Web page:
There were hundreds of tramps in the throng addressed, and naturally all allusions to capitalists as robbers, and all suggestions to plunder, were greeted with applause. A procession was formed, with Oscar W. Neebe, Parsons and Fielden at the head, and with two women following next carrying the red and black flags. They marched down to the Board of Trade, but, arriving at the street leading to the building, a company of police headed them off. Thus balked, they had to content themselves with marching through the streets back to their starting-point, where they separated without further exhibition of violence than subsequently hurling a stone through the window of a carriage occupied by a prominent West Side resident and his wife, whom they took to be a millionaire on his way to the Board of Trade reception. A tougher-looking lot of men than those who composed the procession it would be difficult to find, and, once started in the direction of violence at the building, there is no telling the extent of damage they might have inflicted. The toleration of such a parade by the municipal authorities was severely criticised by the community, for, had it not been for the action of the late Col. Welter, then Inspector of Police, in intercepting the procession, a serious riot would have occurred.

Parsons, when asked subsequently why they had not blown up the Board of Trade building, replied that they had not looked for police interference and were not prepared. “The next time,” he said, “we will be prepared to meet them with bombs and dynamite.” Fielden reiterated the same sentiments and expressed the opinion that in the course of a year they might be ready for the police.

Now what is the Socialism or Anarchy they seek to establish? In his speech before Judge Gary in the Criminal Court, when asked why sentence of death should not be imposed upon him, Anarchist Parsons, among other things, thus described the condition of affairs when Socialism should obtain sway:

Anarchy is a free society where there is no concentrated or centralized power, no state, no king, no emperor, no ruler, no president, no magistrate, no potentate of any character whatever. Law is the enslaving power of men. Blackstone defines the law to be a rule of action, prescribing what is right and prohibiting what is wrong. Now, very true. Anarchists hold that it is wrong for one person to prescribe what is the right action for another person, and then compel that person to obey that rule. Therefore, right action consists in each person attending to his business, and allowing everybody else to do likewise. Whoever prescribes a rule of action for another to obey is a tyrant, a usurper and an enemy of liberty. This is precisely what every statute does. Anarchy is the natural law, instead of the man-made statute, and gives men leaders in the place of drivers and bosses. All political law, statute and common, gets its right to operate from the statute; therefore, all political law is statute law. A statute law is a written scheme by which cunning takes advantage of the unsuspecting, and provides the inducement to do so, and protects the one who does it. In other words, a statute is the science of rascality or the law of usurpation. If a few sharks rob mankind of all the earth,—turn them all out of house and home, make them ragged slaves and beggars, and freeze and starve them to death,—still they are expected to obey the statute because it is sacred. This ridiculous nonsense, that human laws are sacred, and that if they are not respected and continued we cannot prosper, is the stupidest and most criminal nightmare of the age. Statutes are the last and greatest curse of men, and, when destroyed, the world will be free.... The statute law is the great science of rascality, by which alone the few trample upon and enslave the many. There are natural laws provided for every work of man. Natural laws are self-operating. They punish all who violate them, and reward all who obey them. They cannot be repealed, amended, dodged or bribed, and it costs neither time, money nor attention to apply them. It is time to stop legislation against them. We want to obey laws, not men, nor the tricks of men. Statutes are human tricks. The law—the statute law—is the coward’s weapon, the tool of the thief.... Free access to the means of production is the natural right of every man able and willing to work. It is the legal right of the capitalist to refuse such access to labor, and to take from the laborer all the wealth he creates over and above a bare subsistence for allowing him the privilege of working. A laborer has the natural right to life, and, as life is impossible without the means of production, the equal right to life involves an equal right to the means of production.... Laws—just laws—natural laws—are not made; they are discovered. Law-enacting is an insult to divine intelligence; and law-enforcing is the impeachment of God’s integrity and His power.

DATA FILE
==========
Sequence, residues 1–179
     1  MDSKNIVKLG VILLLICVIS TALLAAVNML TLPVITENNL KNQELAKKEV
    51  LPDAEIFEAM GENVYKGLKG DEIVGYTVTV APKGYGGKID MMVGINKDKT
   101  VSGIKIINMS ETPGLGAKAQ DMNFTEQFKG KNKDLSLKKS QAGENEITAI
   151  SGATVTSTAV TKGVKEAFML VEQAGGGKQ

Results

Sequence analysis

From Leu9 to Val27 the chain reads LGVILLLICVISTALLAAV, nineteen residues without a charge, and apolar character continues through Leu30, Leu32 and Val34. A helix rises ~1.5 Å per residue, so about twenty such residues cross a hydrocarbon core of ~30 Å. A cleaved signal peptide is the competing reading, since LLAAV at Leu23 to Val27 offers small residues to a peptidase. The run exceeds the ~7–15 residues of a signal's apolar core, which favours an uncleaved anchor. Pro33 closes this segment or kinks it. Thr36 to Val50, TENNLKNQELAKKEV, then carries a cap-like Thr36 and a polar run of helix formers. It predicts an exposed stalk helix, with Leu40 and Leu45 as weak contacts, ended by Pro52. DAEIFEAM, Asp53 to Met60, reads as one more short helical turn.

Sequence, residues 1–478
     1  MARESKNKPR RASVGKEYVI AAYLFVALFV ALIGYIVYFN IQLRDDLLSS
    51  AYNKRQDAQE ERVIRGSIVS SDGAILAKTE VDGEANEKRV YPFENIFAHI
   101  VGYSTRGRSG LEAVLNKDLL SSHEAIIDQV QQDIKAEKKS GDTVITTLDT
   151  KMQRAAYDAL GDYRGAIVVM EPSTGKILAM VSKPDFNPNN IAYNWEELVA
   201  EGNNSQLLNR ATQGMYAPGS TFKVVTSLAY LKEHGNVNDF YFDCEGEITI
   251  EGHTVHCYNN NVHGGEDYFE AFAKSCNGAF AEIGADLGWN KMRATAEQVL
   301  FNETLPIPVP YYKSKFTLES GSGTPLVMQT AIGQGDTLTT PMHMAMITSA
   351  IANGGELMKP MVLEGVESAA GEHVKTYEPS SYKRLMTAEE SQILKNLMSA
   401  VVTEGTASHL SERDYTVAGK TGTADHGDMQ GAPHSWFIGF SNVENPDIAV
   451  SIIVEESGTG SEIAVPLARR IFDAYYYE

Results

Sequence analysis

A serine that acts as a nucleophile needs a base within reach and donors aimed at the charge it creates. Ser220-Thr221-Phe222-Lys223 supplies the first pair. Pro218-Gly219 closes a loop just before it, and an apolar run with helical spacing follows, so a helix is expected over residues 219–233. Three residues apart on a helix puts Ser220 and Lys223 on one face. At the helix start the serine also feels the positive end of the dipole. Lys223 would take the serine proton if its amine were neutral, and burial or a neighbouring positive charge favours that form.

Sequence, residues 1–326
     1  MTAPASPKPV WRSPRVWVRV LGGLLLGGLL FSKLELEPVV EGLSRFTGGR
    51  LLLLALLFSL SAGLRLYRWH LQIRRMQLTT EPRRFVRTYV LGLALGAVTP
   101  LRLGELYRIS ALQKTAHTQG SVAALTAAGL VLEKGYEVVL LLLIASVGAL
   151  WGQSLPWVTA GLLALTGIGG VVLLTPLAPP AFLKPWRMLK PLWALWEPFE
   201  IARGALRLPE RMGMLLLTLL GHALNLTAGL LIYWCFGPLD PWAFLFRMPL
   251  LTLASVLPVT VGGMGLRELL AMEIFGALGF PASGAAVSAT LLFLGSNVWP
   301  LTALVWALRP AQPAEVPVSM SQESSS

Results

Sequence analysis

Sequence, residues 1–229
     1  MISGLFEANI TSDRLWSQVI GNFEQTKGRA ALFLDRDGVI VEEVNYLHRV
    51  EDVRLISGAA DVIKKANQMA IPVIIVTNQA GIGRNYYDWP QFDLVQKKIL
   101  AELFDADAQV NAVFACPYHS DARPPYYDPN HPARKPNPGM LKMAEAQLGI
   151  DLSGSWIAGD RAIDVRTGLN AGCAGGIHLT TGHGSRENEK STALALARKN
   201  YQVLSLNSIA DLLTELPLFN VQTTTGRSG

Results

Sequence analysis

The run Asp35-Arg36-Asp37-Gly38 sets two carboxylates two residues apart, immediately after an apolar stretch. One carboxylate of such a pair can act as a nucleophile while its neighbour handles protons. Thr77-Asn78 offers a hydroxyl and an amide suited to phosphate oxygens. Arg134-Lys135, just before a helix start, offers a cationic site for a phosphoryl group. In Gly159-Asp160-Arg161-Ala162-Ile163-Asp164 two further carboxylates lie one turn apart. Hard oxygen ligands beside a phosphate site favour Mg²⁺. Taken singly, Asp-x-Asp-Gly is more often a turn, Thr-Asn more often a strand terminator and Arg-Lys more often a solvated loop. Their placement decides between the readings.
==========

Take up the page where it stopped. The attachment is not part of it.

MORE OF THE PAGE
August Spies on the same memorable occasion gave his views of Socialism in these words: